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Aug 112017
 

This picture nearly got me arrested. Can you guess why? See ‘Don’t Mention the War’, below.

Good morning

I hope your summer is proving as wonderful as mine is here.  At times like this, it is hard to think of living anywhere else in the world, but think about it, I did, after noting an article on Forbes suggesting I could quit my job and live in Kota Kinabalu, Malaysia, for US$850 a month.

Kota Kinabalu is a curious mix of a booming industrial town and tourist resort on the island of Borneo.  It has a year-round temperature almost not varying at all from the mid/high 80s, and some beautiful tropical beaches and islands off its coast.  Who wouldn’t enjoy a tropical paradise type lifestyle, albeit awkwardly juxtaposed against possibly Malaysia’s fastest growing conurbation, and all at a cost of only $850/month.

Wait – please don’t sell your house and pack your bags just yet.  There is some fine print, alas – not particularly disclosed in the $850/month claim, but present, nonetheless.  I explain more in the first of two articles which follow.

Two articles today!?  Yes, indeed.  Which brings me to the second.  I don’t mean to be more cynical than I always am, but I have noticed, at times, a strange disconnect between the size/cost of a person’s camera and the quality of the pictures they take.  I suspect there are some people who view a large ostentatious camera as a ‘badge of honor’, and some who hope that by getting the best camera in the shop, they’re more likely to take good pictures.

Our most recent Travel Insider tour to Scotland was notable for more camera enthusiasts being present than normal, and so I’ve been thinking about travel photography topics more than I have for a while.

I’m a lapsed enthusiast – since my early teens I’ve been dabbling in photography, dark-room processing, enlarging, a/v ganged multi-projector slide presentations, commercial video production, and other related matters.  My grandfather was a professional photographer with honors received in both Britain and New Zealand, and I got to play with some of his gear (still have a couple of his items in a cupboard).  So it was sort of in the blood, and I went through phases where I’d probably have more weight and bulk in my suitcase for camera gear when traveling than I did for clothes (and don’t get me started on the almost literally crippling burden imposed on one by old shoulder-mounted video cameras!).  These days, not so much.  A pocket camera and little else, if that.  But after watching all the photographers in Scotland, I’m thinking of becoming a more active photographer again.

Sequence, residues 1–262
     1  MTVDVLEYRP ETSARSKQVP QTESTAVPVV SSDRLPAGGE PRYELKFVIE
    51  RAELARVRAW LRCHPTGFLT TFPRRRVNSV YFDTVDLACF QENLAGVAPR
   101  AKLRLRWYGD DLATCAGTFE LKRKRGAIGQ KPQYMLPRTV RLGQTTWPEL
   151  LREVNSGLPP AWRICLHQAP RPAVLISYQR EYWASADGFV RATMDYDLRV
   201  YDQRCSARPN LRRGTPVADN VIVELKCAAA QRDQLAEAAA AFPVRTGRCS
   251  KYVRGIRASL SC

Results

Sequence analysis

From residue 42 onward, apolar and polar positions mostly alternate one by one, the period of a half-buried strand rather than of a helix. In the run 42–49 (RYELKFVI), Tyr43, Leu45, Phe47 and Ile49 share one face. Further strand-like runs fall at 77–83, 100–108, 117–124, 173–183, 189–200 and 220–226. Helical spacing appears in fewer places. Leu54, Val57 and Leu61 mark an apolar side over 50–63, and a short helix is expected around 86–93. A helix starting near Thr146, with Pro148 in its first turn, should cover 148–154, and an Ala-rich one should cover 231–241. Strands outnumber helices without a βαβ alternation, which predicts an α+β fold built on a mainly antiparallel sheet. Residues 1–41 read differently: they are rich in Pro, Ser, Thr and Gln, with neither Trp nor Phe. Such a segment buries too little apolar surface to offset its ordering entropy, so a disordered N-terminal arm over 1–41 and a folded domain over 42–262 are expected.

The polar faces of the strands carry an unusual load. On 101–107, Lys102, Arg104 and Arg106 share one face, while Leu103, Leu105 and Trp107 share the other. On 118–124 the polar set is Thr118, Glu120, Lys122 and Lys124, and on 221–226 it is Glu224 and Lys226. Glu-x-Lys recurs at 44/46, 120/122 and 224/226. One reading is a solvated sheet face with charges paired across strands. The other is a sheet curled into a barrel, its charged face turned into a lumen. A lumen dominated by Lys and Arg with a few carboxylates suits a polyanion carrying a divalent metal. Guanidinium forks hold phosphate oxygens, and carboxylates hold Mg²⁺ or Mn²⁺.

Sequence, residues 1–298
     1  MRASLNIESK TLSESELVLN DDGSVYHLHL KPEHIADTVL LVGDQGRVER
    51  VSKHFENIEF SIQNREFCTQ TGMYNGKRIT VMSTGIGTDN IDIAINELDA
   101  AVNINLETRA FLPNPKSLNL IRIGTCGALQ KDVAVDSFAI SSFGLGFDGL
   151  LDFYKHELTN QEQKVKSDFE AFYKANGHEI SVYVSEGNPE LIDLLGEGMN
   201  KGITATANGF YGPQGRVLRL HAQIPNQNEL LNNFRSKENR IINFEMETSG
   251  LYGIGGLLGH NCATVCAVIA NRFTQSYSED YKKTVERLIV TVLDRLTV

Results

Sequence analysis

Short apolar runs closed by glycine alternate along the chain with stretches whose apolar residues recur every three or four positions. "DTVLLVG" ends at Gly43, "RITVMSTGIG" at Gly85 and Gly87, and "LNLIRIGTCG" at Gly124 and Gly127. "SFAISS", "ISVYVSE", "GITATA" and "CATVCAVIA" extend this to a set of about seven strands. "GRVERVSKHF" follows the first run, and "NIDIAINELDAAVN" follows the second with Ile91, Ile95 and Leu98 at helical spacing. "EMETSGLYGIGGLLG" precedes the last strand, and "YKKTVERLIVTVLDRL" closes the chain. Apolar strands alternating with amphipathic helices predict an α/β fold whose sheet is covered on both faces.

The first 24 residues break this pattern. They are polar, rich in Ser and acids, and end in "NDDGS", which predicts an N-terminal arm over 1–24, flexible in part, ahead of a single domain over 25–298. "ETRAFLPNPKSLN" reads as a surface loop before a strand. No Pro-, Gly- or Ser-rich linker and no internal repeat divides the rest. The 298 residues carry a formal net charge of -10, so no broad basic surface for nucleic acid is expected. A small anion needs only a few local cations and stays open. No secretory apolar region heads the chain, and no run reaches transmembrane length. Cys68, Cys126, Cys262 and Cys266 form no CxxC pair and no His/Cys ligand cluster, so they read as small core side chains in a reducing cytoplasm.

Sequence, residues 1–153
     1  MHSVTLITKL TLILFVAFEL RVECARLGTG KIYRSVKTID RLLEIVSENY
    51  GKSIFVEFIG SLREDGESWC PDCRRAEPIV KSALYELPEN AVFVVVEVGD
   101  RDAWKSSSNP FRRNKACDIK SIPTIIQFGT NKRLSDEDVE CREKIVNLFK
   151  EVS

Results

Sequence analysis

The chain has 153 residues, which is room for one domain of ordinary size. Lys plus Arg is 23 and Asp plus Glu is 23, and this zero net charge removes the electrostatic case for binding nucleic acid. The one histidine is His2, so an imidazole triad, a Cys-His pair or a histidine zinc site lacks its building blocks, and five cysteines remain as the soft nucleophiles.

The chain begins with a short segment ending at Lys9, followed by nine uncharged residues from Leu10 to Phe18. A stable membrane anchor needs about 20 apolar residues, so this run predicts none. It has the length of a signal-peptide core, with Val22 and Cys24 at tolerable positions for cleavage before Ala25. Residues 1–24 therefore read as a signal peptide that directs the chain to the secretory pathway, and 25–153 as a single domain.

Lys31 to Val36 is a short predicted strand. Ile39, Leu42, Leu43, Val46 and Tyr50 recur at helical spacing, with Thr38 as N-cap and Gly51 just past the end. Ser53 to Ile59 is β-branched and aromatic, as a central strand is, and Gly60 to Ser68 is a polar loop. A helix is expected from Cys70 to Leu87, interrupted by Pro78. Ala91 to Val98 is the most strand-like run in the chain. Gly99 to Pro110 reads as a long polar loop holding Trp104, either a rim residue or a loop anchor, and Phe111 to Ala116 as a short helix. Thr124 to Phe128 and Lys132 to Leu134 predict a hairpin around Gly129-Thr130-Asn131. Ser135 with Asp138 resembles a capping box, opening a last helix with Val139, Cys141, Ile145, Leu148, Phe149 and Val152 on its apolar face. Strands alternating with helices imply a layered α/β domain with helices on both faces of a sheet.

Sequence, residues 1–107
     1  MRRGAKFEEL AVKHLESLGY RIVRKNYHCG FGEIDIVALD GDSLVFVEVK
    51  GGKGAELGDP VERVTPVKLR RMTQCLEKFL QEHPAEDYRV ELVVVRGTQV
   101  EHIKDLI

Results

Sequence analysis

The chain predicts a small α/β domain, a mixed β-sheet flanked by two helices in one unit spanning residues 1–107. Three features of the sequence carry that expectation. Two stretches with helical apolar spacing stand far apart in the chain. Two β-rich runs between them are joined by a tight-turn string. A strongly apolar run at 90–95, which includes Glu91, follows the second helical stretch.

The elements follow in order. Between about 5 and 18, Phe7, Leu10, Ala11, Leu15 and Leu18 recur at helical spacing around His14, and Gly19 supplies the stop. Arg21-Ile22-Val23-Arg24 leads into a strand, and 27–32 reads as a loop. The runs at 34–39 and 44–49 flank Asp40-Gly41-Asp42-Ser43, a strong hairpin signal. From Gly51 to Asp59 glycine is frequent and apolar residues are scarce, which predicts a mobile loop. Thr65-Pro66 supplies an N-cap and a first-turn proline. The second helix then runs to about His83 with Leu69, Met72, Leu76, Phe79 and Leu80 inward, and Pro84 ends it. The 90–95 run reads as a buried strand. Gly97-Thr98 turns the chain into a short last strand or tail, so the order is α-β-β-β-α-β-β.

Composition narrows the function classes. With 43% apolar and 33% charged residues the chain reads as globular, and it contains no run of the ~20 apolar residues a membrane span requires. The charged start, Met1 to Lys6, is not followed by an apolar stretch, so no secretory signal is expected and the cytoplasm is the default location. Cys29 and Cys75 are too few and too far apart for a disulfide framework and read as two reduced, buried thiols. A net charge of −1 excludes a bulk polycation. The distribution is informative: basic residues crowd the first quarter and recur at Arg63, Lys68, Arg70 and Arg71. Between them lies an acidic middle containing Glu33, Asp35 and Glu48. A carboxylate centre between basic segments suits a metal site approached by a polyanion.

I last wrote about photography almost three and a half years ago, when recommending my latest camera purchase (a Sony DSC-RX100 II) as being a ‘best in class’ choice for people who wanted something better than a pocket compact camera or a phone camera, but who didn’t want to be burdened by a huge DSLR type camera, complete with the necessary camera bag full of heavy bulky lenses, etc.

The once rapid pace of digital camera evolution has slowed considerably, although three new models of the DSC-RX100 have been released in the last three years, albeit none with much significantly improved over my still-lovely RX100 II (which remains for sale as a current model, too).  If your digital camera is also three or fewer years old, there is probably no pressing reason to replace it, unless you wish to upgrade to a higher level of equipment.  But if your camera is starting to age past five or so years, and you didn’t get a high-end camera back then, maybe it is time to tempt yourself, and perhaps I might generate another buyer’s guide in the next few weeks.